19 year old son refuses to get a job

Discussion in 'Parent Emeritus' started by tripletmom, Mar 4, 2017.

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  1. tripletmom

    tripletmom New Member

    I am so needing advice... my son graduated from high school in 2016. He picked up a couple of odd jobs in the summer (mostly when pushed by my husband or myself) and refused to take classes at the local community college in the fall. He spent his fall months "researching jobs'... mostly 'on-line' type jobs. He tried two of them and found that they only gave a couple of hours a day or the job was beyond his ability. He still insists on finding an on-line job and also wants to take on-line classes. He is not anti social ... but is not extremely social either. He has a friend a couple of years younger than himself and they like to hike and just hang out. No drugs involved (very good son in that way). He just seems afraid to move on with his life. The problem is that although he applied to some local stores (like hardware and garden center). He is very negative about actually getting a job there. He has become verbally abusive when pushed to pursue other job options. He is stressing the whole family out. His twin brother has gone through a time of depression due to the death of a close friend (this was not a friend of son #1) and is needing for his brother to be busy/productive during the day so he can have a time of healing. Triplet sister is taking a full load of classes... I'll start there... any suggestions?
     
  2. Copabanana

    Copabanana Well-Known Member

    Hi tripletmom.

    I would suggest either Job Corps or the military (not combat), but both will require his consent. The other possibility, gap year programs, many of which are international, if finances allow.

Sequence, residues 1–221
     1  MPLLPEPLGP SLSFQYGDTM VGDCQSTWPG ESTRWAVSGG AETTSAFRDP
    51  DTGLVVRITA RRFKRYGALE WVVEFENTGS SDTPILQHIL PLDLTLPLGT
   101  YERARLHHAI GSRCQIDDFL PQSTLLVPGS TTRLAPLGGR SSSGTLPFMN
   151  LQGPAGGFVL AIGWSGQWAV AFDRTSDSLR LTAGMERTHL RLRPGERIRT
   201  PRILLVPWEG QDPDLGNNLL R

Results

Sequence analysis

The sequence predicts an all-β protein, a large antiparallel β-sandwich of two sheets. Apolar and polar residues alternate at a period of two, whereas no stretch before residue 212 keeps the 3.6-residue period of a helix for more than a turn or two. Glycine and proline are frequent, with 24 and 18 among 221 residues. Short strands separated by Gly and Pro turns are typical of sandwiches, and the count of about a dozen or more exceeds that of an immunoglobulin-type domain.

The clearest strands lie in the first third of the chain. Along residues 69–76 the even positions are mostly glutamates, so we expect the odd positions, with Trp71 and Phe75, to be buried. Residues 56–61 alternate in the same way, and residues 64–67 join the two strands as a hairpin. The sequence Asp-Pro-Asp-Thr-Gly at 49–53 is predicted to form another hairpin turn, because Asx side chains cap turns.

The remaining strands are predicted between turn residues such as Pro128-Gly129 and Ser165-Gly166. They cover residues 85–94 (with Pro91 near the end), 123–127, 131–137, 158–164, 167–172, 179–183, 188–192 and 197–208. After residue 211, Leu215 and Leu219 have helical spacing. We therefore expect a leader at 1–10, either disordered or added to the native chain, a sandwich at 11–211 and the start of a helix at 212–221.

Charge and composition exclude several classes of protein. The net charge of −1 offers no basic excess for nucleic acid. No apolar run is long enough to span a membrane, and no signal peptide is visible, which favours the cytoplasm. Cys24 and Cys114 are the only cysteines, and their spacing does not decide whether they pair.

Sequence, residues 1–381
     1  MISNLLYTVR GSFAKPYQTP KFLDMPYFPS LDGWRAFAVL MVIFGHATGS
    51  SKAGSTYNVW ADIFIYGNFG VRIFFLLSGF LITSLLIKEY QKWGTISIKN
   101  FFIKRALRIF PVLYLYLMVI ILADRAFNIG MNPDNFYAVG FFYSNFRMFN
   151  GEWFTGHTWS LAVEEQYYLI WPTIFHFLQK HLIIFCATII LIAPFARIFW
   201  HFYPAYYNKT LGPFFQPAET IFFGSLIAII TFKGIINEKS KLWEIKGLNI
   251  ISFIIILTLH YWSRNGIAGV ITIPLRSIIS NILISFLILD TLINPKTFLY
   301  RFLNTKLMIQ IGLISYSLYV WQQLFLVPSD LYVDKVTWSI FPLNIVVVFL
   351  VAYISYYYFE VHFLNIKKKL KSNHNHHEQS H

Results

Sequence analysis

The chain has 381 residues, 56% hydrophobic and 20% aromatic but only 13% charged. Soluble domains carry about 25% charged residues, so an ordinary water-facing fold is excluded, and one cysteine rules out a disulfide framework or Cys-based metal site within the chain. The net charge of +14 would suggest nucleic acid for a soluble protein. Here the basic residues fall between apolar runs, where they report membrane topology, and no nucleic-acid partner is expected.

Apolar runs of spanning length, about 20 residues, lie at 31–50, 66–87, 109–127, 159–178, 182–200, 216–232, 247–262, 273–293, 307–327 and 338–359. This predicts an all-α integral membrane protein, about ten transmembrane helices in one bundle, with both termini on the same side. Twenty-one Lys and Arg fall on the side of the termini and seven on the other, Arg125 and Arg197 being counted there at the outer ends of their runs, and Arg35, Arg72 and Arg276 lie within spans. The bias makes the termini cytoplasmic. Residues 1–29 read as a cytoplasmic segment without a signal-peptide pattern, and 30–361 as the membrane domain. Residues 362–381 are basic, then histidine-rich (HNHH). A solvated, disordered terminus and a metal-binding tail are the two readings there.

All of the behaviors you mention my son manifested, except there were other things going on, too. (I do not think that being a triplet would be easy, so I would not discount this factor.)

    My son went to Job Corps at 19 (I pushed him.) I have only good things to say about the program. Great supervision. Great trainings. Free. They are housed and fed. My son attended at Treasure Island in San Francisco Bay but there are sites all over the country.

    My son is now 28. He is much improved. But still he has issues.

    The way parents do this is they give the child a move out date to work towards, as a means of motivating them. And then they actually hold them to account, even if it means homelessness.

    In our case when my son turned 23, I kicked him out. I had talked myself into believing it would help. It did not. It made things worse for a long time, until my son began maturing.

    There are no easy answers for most of us. My son did not use drugs either, but when I kicked him out, he began heavy dependence on marijuana (which I hate). But at the time I kicked him out, I felt I had to do something. (I remember I hired a pastor-type guy to work with him, to hang out. My son blew it off. He refused therapy. It is painful to remember how desperate I felt in those years.)